Bureau of Land Management (BLM) officials announced on Tuesday that the Yellowbottom campground southwest of Salem will remain closed due to safety concerns caused by aging trees. The Yellowbottom Day Use Area, however, will be open to the public.
The closure announcement follows a mid-April decision to delay the opening through May, when officials cited aging trees as safety concerns. After the April decision, BLM canceled and refunded all campsite reservations through May and stopped accepting reservations for later in the season.
Approximately 20 miles northeast of Sweet Home, Quartzville Creek offers a beautiful campground where visitors can enjoy swimming, fishing, and sleeping under a canopy of ancient Douglas fir trees.
“The campground is in an area of old trees,” Sarah Bennett of BLM said in mid-April. “We’ve been monitoring over the years as these trees reach the end of their expected lifespans, and with the severe weather this winter, some of those trees have been significantly damaged throughout the course of the winter.”
The BLM officials have decided to extend the campground closure after monitoring the situation for a month and a half. Prior to the campground’s scheduled spring opening, the BLM recreation staff inspected the site and identified multiple safety hazards.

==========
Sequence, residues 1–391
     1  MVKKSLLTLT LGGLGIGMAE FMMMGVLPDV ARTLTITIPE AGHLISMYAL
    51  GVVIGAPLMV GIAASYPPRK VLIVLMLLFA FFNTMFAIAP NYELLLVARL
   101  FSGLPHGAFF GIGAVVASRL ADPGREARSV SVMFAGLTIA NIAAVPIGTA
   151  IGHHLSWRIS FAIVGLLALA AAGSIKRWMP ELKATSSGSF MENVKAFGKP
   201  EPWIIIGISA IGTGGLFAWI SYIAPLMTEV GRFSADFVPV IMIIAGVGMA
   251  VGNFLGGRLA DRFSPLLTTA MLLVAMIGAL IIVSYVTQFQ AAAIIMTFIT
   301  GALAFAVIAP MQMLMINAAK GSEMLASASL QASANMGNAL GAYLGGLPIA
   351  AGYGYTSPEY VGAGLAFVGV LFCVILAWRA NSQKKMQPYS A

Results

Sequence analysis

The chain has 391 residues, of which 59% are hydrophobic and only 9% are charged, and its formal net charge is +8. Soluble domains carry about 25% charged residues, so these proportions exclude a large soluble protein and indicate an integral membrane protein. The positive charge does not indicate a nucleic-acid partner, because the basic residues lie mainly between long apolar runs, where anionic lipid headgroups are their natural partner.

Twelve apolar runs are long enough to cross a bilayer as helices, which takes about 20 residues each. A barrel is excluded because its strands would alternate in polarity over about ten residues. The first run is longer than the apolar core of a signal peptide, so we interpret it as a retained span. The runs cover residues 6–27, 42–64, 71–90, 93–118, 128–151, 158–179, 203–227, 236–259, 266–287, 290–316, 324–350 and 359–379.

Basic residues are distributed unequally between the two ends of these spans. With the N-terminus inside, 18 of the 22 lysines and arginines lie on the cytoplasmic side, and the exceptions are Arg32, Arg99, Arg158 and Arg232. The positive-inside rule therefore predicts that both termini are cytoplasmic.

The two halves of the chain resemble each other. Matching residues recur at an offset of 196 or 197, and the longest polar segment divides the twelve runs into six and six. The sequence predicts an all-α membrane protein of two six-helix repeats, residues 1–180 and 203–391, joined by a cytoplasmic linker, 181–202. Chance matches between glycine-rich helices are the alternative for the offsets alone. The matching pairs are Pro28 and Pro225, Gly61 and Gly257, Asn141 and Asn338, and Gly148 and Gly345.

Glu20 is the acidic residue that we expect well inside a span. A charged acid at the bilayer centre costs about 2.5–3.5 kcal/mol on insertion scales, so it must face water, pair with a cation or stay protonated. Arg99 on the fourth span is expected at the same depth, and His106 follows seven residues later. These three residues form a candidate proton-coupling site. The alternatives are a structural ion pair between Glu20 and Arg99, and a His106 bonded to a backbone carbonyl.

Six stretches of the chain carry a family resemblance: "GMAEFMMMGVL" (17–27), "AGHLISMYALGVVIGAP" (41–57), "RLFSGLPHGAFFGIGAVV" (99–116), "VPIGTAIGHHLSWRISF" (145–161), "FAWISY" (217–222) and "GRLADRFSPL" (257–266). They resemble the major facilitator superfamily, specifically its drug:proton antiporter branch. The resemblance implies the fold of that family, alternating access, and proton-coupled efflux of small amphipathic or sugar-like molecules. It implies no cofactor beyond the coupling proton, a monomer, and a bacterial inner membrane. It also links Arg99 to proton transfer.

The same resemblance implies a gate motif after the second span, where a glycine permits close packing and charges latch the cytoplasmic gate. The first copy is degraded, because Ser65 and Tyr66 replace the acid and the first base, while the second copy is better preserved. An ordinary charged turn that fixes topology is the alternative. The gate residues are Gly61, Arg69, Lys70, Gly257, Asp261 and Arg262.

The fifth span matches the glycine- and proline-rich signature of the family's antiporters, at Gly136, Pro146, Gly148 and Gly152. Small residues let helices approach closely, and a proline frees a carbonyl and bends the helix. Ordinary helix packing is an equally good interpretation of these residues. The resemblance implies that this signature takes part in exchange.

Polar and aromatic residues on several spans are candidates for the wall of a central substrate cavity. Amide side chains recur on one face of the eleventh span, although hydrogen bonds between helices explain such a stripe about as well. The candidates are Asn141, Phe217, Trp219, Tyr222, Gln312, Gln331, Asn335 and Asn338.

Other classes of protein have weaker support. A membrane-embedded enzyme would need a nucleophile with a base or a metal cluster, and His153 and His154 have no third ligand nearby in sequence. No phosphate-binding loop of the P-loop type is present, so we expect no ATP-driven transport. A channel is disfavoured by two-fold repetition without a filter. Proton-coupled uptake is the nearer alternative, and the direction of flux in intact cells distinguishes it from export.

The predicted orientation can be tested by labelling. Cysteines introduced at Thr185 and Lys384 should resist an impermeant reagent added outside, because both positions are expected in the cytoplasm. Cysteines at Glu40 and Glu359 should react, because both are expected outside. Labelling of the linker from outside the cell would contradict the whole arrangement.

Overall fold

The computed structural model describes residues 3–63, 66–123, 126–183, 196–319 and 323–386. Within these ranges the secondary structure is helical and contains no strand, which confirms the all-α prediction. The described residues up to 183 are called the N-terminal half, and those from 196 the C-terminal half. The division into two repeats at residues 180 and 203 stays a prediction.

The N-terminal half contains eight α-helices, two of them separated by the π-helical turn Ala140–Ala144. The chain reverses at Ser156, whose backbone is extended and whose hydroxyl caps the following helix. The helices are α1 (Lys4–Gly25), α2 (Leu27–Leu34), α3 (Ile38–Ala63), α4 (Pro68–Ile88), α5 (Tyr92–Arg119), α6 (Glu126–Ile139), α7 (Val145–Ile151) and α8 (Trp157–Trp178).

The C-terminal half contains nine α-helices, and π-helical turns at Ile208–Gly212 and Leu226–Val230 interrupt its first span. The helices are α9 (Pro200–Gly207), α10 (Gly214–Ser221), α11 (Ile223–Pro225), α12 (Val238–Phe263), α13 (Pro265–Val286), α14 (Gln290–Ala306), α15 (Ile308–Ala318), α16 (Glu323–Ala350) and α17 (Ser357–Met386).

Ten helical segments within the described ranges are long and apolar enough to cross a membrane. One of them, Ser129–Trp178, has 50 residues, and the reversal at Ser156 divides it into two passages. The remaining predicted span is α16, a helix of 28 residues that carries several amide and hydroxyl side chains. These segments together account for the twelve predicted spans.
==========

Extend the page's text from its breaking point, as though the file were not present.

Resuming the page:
We understand Yellowbottom is a special place and provides a unique camping experience,” said Amanda Hoffman, field manager for the BLM Cascades Field Office.
“Unfortunately, these large trees are aging to a point where they put the safety of visitors at risk. We appreciate everyone’s patience as we consider next steps for this recreation site.”
According to its website, Yellowbottom offers a one-mile hiking trail, access to Quartzville Creek Wild and Scenic River, and a takeoff point to explore nearby recreation trails.
The small campground contains campsites to accommodate single campsites for tents or small trailers but is not recommended for large RVs or trailers due to the one-lane site road and tight turning radius.
Nearby attractions include multiple Forest Service trails into the Middle Santiam Wilderness and the Quartzville National Back Country Byway.
While the closure of Yellowbottom campground may be disappointing for outdoor enthusiasts, it is important to remember that campground safety should always be a top priority. Aging trees and other natural hazards can pose significant risks to campers if not addressed properly.
This situation highlights the importance of regular maintenance and monitoring of campgrounds, not only by the managing authorities but also by visitors who can report any potential hazards they observe.
In the meantime, campers can explore alternative campgrounds or day-use areas in Oregon, ensuring they follow safety guidelines and leave no trace principles to help preserve the natural environment for future generations.
Featured image from Yellowbottom Recreation Site.